Another inspection arrangement is shown in FIG. 5A. In this embodiment, a preferably encapsulated OLED substrate can be inspected outside the vacuum chamber, typically at an inspection station. To reduce the space occupied by the system, the camera 236 is translated (rather than the substrate 11) in both x- and y-directions (indicated by translation arrows 240, 276) using translation slides 232, 234, and secondary x-axis translation slide 278 in order to scan the substrate area. Secondary x-axis translation slide 278 is optional, and if present it may not be motorized depending on the weight of the mounted components and the degree of structural stability provided by slides 232 and 234. To accommodate a short light-guide length, the illumination source 238 can be mounted to the outer housing of y-axis slide 234 in a fixed position, and translated along the x-axis by slide 232. FIG. 5B shows an enlarged view of the inspection arrangement. This arrangement is similar to FIG. 4B, but here the substrate 11 is shown as encapsulated by cover 18 and is not depicted within the vacuum chamber. Another embodiment of this invention holds the camera stationary while moving the substrate, which may be advantageous if the larger physical space occupied by the system is acceptable.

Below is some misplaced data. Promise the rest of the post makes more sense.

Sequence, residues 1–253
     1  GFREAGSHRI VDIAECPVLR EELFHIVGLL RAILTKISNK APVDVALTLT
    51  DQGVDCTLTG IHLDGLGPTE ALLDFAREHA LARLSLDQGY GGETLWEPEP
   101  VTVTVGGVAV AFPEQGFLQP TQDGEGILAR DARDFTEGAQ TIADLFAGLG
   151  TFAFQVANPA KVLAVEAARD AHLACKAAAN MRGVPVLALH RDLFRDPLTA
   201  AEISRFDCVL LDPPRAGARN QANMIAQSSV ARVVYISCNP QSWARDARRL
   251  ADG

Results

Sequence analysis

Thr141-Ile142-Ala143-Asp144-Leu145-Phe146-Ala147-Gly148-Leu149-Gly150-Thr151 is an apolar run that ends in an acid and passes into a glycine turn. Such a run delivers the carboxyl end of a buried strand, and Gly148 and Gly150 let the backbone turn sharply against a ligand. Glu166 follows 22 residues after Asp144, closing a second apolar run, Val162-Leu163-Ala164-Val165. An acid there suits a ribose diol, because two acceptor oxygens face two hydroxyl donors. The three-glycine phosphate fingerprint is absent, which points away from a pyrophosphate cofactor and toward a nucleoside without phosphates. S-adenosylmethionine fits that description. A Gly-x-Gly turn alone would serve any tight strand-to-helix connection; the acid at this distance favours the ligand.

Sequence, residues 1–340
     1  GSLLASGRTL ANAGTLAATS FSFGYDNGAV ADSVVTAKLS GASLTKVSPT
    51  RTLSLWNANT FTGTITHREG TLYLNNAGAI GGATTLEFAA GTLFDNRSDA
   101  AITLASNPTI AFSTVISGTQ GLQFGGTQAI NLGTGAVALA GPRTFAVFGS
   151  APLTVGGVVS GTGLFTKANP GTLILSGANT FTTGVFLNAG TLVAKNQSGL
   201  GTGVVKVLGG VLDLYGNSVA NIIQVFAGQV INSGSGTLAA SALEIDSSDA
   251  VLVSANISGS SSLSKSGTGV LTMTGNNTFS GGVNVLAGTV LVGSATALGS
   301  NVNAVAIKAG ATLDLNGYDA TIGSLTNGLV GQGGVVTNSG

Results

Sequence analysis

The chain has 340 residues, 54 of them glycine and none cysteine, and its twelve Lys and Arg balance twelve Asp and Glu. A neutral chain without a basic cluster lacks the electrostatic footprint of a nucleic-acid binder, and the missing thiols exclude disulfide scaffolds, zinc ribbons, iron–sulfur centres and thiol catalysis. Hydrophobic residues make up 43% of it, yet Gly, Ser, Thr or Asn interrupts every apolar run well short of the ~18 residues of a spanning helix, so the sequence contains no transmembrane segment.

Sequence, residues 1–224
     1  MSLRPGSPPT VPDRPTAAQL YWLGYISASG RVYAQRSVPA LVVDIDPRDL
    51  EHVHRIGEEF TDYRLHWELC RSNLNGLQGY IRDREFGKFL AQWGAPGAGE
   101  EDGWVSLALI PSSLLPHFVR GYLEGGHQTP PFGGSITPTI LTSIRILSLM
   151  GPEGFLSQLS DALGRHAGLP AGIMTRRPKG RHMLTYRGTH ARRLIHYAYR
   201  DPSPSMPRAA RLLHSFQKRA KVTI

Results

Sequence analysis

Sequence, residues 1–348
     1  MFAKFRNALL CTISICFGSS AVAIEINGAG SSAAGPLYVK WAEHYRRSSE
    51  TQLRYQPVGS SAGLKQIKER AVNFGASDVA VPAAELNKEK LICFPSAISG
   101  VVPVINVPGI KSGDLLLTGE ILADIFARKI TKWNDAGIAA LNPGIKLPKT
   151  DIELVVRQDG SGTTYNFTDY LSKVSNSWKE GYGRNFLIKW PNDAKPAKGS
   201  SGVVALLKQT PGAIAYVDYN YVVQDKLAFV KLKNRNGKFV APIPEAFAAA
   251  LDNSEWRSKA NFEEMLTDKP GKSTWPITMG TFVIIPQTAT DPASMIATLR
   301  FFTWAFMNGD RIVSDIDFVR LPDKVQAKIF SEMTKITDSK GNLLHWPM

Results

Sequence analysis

In accordance with the present invention, a measurement and analysis process can be incorporated to produce a complete system for inspecting a substrate containing one or more OLED devices. Ideally an image of the entire substrate would be acquired in a single camera image, but this it is generally not possible for larger substrates as the area that can be inspected with sufficient resolution for analysis is limited by the available resolution of camera imagers. Consequently, the inspection system must be capable of imaging a portion of the substrate surface and/or the entire substrate surface by sampling the substrate via individual images from different locations. These images are termed image tiles, and can optionally be assembled to produce a mosaic image of the entire substrate (or portion thereof).
 A computer program is employed to automatically analyze the images and perform the desired measurements. Two measurement scenarios are described here, although others are possible. The sequence of the steps has been arranged in a logical order, but all steps do not necessarily have to be performed in the described sequence. The first scenario is a stepped measurement process in which the movement is stopped during image acquisition. The second scenario is a continuous scan process in which the camera and substrate are translated relative to each other during image acquisition. In this second scenario, to achieve good image quality, motion blur in the image must be prevented by shuttering or strobing the camera and/or illumination source. Either scenario can employ a continuous or strobed illumination source.